In the midst of bloodshed and rebellion a new generation struggled to be born...Through hearbreak and tragic loss they had fashioned a new life in the land of their exile. But even now they could not rest securely. The courage of beautiful Abigail Tempest, newly arrived sixteen year old heiress to a vast land grant..the mettle of Justin Broome, with his father's adventurouIn the midst of bloodshed and rebellion a new generation struggled to be born...Through hearbreak and tragic loss they had fashioned a new life in the land of their exile. But even now they could not rest securely. The courage of beautiful Abigail Tempest, newly arrived sixteen year old heiress to a vast land grant..the mettle of Justin Broome, with his father's adventurous blood running hot in his veins...the loyalty of Andrew Hawley and the passionate faith of Jenny Broome - all would be tested to their very limit. A new generation struggled to put down roots in precarious soil as treacherous forces defied king and country, threatening to destroy everything the settlers had sacrificed so much to build....
|Format Type||:||Mass Market Paperback|
|Number of Pages||:||621 Pages|
|Status||:||Available For Download|
|Last checked||:||21 Minutes ago!|
The Traitors Reviews
The Traitors is the third is a fairly long series commonly referred to as The Australians. Former convict Jenny Taggert is back, still trying to make a go of the land; but prices are sky high after the flooding of the Hawkesbury River, and currency is in short supply, making rum the *coin of the realm* with The Rum Corps keeping that commodity fully under control (really, it's too hard to explain, go to the Wiki link if you want to know more). The old governor is out, and William Bligh is in (yes, that William Bligh), and he's set on changing a few things, and the boys in the Rum Corps are not thrilled about Bligh's new policies. I did enjoy this book, and plan to continue the series, but as important as this bit of history is, I found it a bit boring with too many *cast members* and I lost track of them at times - YMMV. I very much enjoyed the parts that focused and Jenny and family or the dastardly Reverend Boskenna (he's a bad 'un) were a lot more entertaining. So, three stars for the Rum Corps and four for Jenny & family rounded out to 3.5 stars.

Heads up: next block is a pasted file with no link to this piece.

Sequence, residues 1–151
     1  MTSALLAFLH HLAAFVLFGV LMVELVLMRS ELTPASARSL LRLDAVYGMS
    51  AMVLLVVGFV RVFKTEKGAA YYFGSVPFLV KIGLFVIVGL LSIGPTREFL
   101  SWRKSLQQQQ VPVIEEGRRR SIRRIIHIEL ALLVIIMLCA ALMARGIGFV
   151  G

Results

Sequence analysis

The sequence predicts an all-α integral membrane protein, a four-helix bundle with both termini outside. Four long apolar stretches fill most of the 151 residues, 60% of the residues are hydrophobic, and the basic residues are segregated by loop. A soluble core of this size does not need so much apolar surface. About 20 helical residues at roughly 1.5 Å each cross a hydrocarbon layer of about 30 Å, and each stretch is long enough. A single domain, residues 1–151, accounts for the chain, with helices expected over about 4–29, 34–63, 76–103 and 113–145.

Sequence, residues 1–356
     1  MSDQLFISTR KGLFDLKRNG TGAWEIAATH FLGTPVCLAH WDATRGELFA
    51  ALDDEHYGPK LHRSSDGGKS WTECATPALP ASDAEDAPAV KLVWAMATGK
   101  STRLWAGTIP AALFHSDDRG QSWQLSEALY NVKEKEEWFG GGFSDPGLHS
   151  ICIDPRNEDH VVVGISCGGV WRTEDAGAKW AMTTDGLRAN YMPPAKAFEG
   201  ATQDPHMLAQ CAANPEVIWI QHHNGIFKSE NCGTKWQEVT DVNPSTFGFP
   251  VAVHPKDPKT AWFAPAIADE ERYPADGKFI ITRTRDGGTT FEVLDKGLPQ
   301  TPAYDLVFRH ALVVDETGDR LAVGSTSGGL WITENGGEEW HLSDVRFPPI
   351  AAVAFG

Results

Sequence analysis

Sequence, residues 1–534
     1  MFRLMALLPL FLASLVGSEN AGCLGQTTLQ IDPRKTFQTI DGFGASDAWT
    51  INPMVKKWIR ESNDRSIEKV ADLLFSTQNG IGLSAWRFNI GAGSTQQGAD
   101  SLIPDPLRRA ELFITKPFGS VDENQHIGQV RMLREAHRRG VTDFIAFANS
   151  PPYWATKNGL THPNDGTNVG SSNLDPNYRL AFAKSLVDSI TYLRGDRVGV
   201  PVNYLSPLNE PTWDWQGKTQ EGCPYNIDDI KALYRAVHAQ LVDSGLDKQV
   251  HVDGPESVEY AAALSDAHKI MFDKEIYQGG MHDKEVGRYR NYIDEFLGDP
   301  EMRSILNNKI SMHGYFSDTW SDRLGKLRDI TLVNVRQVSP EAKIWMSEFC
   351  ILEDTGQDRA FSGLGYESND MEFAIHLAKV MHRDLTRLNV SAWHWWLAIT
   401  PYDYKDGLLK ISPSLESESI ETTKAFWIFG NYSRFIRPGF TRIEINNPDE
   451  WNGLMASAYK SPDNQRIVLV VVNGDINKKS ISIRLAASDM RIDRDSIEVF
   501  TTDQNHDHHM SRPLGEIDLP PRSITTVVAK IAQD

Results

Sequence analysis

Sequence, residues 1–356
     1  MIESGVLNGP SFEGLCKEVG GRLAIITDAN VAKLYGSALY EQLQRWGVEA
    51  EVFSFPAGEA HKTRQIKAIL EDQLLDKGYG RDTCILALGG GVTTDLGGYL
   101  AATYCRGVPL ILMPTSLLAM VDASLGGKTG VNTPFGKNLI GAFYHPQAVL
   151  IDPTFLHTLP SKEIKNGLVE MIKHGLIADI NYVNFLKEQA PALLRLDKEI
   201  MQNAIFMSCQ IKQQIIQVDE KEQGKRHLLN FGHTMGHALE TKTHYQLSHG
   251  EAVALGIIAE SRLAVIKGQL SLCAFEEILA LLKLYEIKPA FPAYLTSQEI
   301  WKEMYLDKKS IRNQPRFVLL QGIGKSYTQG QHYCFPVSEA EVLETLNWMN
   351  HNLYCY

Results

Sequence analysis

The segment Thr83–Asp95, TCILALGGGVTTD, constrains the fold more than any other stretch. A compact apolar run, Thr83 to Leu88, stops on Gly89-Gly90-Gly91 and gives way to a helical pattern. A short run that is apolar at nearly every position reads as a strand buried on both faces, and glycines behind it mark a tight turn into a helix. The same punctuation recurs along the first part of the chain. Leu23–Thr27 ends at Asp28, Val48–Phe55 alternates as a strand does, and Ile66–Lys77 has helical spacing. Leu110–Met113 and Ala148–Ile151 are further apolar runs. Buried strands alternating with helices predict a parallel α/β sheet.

Maybe the magic is wearing off. I didn't quite get into this installment of the Australians as much as the previous two. The focus is really on Governor Bligh towards whom my feelings are totally ambivalent even though he unquestionably did right by the free settlers and emancipists who thought highly of him.I think the struggle between Bligh and the Rum Corps, led by Macarthur who comes across as thoroughly unlikeable, was inevitable but I kept hoping that popular support would save him. I don't know whether his response to the rebellion was honourable or childish.The standard of writing is maintained by Long who I found out was actually a woman by the name of Vivien, and the history is fascinating but it didn't move me.I'm too heavily involved in the historical narrative and the lives of the characters, both fictional and real, too do anything but carry on.
Again, part of The Australians. Great.
Finished finally, but it was worth the time. This is the third book, and continues the lives of the people who first settled in Australia’s harsh, unforgiving wilderness. I love these books because of the fiction mixed with fact. So enjoying learning of place names, geographical names, and how these hard working pioneers carved out a life for themselves.
"The Traitors" by William Stuart Long is #3 in his "The Australians" series. I believe this is the 3rd book of this series that I've read but not necessarily in the right order. Since I have been to Australia several years ago, I really enjoy reading about how the country was populated and the "lay of the land". I thoroughly enjoyed the story line and the characters Abigail Tempest, Jenny Broome, Andrew Hawley and Justin Broome. However, when the story shifted to in-depth accounts of the rebellion between the Rum Corps and Governor Bligh, my enthusiasm lagged. I was glad when the story went back to the main characters. I hope to obtain the rest of the books in this series and fill in the gaps.
Continuing on in The Australians series. Thoroughly enjoying learning the history of early Australia, though must admit, the politics of the infant colony were not as enjoyable to read, as the personal lives of the fictional characters. On to book 4 of this 12 book series! ( I had to scour Amazon to find used paperback copies of this series...and now have them all.)
This one was a little more dry than the others, but still compelling.